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It takes longer to remove a randomly selected element from a deque of given size than it takes to remove a randomly selected element from a set of the same size. True of False? Explain.

Thank you

I cannot comment too authoritatively on such things as I am not an expert in the design and implementation of data structures.

However in theory yes, removing an element from a set is quite possibly quicker, unless you are removing from the beginning or end of the deque (for which removal is fast).

Sets are often node based containers based on a tree structure thus removing a given node should be quite quick. However if the removal caused additional work such as re-balancing of a balanced binary tree, then it may prove to be slower. A set could also be implemented using a hash table, using the set values as the hashed values. In such a case removing an item could be similar to that of removing an item for a deque or vector. Note that C++ std::set complexity constraints imply an implementation using a balanced binary tree or similar (e.g. a red-black tree as they are good for both varying the number of elements and searching for elements).

Deques are often implemented as an array of arrays, thus removing an element not at an end would mean that some re-jigging of subsequent values is required at least for part of the structure.

However it really depends on the implementations of the deque and set types, the size and state of the collections and possibly even the system you are running on as cache memory is much faster than main memory and main memory is very much faster than memory paged to and from disk.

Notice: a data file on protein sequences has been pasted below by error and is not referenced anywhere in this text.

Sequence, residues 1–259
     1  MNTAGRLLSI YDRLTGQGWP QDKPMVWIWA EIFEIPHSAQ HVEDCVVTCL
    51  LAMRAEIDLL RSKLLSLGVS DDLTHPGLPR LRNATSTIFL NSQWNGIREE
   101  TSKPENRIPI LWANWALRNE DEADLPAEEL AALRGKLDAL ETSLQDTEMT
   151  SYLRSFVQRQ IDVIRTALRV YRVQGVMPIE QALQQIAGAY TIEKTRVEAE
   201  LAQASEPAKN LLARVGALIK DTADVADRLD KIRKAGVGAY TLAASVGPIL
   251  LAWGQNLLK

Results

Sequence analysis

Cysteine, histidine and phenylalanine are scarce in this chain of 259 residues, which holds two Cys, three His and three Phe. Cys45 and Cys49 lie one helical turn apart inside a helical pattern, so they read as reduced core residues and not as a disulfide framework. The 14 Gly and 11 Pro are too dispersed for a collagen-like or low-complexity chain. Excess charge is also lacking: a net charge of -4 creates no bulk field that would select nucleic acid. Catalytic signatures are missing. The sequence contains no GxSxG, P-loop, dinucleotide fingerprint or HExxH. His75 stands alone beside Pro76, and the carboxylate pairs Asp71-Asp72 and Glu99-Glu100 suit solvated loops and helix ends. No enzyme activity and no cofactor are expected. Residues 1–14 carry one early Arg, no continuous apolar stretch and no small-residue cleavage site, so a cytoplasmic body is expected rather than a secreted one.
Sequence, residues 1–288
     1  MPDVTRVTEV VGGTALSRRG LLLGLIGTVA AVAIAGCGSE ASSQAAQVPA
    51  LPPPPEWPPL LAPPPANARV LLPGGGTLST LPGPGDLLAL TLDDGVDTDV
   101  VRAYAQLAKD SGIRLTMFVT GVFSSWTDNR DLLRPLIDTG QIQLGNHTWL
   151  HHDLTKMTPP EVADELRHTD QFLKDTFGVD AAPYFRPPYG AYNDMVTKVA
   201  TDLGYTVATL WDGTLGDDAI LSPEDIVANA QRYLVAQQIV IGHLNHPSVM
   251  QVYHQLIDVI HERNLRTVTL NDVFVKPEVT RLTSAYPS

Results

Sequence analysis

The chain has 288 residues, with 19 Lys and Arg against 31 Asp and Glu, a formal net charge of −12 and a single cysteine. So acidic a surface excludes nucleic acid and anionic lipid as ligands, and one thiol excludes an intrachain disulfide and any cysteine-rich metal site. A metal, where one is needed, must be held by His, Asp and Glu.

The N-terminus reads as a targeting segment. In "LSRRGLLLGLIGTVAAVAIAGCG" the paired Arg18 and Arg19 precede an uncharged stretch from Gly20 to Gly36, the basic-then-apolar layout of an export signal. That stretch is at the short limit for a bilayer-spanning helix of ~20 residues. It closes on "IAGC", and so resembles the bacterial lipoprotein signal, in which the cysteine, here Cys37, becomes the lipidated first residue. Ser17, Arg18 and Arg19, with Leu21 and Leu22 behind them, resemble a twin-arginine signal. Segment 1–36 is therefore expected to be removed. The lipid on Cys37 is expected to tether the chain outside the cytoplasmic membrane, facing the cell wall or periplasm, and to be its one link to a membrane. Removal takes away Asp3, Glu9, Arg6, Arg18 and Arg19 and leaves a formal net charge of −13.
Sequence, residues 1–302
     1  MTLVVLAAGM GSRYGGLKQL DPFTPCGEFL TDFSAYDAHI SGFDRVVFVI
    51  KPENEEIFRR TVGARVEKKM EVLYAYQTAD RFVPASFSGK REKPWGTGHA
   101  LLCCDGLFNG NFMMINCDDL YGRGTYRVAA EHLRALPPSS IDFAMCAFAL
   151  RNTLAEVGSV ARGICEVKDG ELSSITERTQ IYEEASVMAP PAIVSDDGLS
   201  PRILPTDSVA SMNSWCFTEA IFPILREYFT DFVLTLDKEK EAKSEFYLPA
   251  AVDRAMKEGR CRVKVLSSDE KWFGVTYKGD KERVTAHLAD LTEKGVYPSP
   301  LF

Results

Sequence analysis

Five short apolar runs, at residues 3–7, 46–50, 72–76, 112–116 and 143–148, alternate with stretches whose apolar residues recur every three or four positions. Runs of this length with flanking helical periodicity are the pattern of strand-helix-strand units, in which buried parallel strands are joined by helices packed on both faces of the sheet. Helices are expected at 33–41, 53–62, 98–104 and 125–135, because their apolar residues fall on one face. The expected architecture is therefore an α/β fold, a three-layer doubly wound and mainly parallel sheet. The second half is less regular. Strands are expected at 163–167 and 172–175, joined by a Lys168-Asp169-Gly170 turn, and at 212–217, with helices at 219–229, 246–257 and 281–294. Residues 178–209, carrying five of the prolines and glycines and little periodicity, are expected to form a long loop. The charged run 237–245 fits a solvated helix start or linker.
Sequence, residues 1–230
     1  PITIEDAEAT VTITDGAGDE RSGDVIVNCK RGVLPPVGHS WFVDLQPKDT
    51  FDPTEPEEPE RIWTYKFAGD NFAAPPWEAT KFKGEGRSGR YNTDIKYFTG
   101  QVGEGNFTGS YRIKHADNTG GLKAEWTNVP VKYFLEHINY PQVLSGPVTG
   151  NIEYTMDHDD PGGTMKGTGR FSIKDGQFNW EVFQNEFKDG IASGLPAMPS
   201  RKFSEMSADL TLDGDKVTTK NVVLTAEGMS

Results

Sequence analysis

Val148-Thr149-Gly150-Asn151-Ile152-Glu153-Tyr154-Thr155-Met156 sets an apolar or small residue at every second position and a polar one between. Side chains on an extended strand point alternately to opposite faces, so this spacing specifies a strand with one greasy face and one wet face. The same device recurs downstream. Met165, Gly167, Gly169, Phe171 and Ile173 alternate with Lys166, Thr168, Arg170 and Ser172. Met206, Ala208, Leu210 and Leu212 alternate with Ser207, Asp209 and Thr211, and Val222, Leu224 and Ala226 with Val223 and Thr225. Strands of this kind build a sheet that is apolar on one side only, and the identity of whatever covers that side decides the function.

As an illustration of this last point consider how much additional memory is required for housekeeping by the collection type. If the overhead per element is quite high for a set over a deque then this could lead to the set causing memory to be paged whereas the deque does not. This is a real possibility - see for example:

http://www.gotw.ca/publications/mill14.htm.

Cache memory in particular rewards locality of data items, so for example operations on a vector may be faster than using a set if the contiguous data in the vector fits in fast processor cache memory. I suspect a similar argument could hold for a deque in certain situations at least.

OK having given you a bunch of ifs and buts above the time complexity constraints for the standard C++ library std::deque and std::set types are as follows.

In my descriptions below p is an iterator that points to the element to be erased. This means the time complexity is _only_ for the erasure of a single element. No time is included for searching for the element for a given value, no considerations for removal of additional elements are included:

std::deque<T>::erase(p):

- if p points to an element at the beginning or end of the deque

then the erase operation occurs in constant time (O(1)).

- if p point to an element in the middle of the deque then

the erase operation occurs in linear time (O(n)).

See the ISO C++ standard section 23.2.1 paragraph 1.

std::set<T>::erase(p) :

- Erasure of the element pointed to by p occurs in amortised

constant time (O(1)).

See the ISO C++ standard section 23.1.2 table 69.

Amortised constant time means that the time is constant on average (i.e. amortised over many operations), but any given single operation may take a longer amount of time.

The O(1) and O(n) values are constant and linear time complexity expressed using what is called Big-O notation. Other complexity values are logarithmic ( O(log(n)) ), n-log-n ( O(n*log(n)) ) and quadratic ( O(n*n) - note this should be n raised to the power 2 but the AllExperts answer formatting does not support superscripted characters as far as I can tell! ).

To get a handle on the effect on runtime with respect to these complexity values check out the following table (view the table using a mono-spaced font such as Courier or the formatting will be messed up):